AbstractDespite their presence in almost every technical device, little is known about the occurrence, distribution, and fate of technology-critical elements (TCEs) within the environment. Due to high economic demands and short product lifespans as well as low recycling rates, many TCEs appear to become emerging contaminants.
Within the scope of this work, 57 sediment samples from the German part of the Rhine river, as well as various tributaries, were collected to study the occurrence and distribution of TCEs. This specific catchment area has consistently been subjected to strong anthropogenic influences over the last century. Hierarchical Cluster analysis, as well as principal component analysis were used to gain first insights into the spatial distribution and possible sources of TCEs along the Rhine.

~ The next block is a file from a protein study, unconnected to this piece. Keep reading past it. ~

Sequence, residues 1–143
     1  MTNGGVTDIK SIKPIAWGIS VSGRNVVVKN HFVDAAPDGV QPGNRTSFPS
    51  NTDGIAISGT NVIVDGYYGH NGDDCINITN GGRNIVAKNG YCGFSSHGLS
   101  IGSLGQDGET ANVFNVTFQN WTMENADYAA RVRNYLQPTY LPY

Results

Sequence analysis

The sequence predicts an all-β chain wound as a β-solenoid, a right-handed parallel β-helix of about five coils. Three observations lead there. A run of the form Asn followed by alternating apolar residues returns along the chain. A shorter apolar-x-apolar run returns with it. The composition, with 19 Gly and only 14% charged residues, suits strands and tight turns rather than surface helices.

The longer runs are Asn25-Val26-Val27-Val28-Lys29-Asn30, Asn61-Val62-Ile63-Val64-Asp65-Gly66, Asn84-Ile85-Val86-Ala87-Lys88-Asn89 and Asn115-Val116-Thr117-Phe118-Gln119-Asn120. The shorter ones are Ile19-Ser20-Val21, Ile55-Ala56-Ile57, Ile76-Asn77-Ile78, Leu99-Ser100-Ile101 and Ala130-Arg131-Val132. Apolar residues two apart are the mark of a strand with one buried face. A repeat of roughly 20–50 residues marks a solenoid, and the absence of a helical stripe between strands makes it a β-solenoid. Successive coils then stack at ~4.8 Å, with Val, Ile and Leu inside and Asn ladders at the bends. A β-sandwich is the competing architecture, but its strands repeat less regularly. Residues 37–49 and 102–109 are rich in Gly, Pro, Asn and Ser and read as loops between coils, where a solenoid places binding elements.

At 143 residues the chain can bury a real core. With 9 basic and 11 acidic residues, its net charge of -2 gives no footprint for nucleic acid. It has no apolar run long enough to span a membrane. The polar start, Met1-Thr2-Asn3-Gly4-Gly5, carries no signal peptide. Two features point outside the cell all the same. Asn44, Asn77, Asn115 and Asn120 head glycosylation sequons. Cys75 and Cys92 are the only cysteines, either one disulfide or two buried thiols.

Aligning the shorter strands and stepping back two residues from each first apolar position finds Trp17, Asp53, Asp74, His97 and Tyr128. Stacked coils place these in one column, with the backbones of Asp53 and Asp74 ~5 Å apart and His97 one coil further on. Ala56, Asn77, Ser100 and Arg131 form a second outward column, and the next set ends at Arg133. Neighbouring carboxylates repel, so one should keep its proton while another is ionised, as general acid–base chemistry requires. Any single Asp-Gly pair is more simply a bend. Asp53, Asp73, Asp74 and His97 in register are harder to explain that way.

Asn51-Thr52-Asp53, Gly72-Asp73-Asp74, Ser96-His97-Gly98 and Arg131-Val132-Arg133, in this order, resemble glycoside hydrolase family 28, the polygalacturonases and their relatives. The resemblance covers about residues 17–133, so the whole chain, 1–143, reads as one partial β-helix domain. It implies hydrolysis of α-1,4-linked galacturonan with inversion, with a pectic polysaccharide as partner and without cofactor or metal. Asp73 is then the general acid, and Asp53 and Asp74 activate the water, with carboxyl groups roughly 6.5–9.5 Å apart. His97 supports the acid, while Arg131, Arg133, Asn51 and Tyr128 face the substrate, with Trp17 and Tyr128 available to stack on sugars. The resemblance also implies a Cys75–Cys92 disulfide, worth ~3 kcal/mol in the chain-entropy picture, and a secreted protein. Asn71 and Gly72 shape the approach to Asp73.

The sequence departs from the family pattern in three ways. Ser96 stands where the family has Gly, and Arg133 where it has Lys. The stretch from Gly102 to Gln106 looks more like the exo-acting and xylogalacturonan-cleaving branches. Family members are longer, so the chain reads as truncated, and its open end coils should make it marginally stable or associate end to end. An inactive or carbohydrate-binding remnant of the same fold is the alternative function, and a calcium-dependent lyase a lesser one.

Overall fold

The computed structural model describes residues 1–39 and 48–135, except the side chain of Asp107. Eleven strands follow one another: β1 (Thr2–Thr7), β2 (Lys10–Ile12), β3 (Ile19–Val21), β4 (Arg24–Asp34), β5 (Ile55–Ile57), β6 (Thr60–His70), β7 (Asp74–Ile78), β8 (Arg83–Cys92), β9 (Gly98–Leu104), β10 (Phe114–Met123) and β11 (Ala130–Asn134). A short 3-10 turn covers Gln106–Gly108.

Obtained mass fractions in conjunction with corresponding geoaccumulation indices (Igeo) provide first indications of a possible enrichment along the Rhine for the TCEs of interest (Ga, Ge, Nb, In, Te, rare earth elements, and Ta). Especially the mass fractions of Zn, Ge, In, La, Sm, and Gd exhibit significant anthropogenic inputs. For stations characterized by high Ge and In mass fractions, element fingerprints imply possible atmospheric deposition stemming from e.g. combustion processes. Distinct anomalies of La and Sm most likely originate from discharges located at the city of Worms into the Upper Rhine. Statistical analysis of all analyzed 55 elemental mass fractions revealed similar behavior of TCEs compared to classical heavy metals. Diffuse as well as point sources of TCEs are likely. As a result, this study provides further insight into the role of TCEs as potential emerging contaminants in the environment.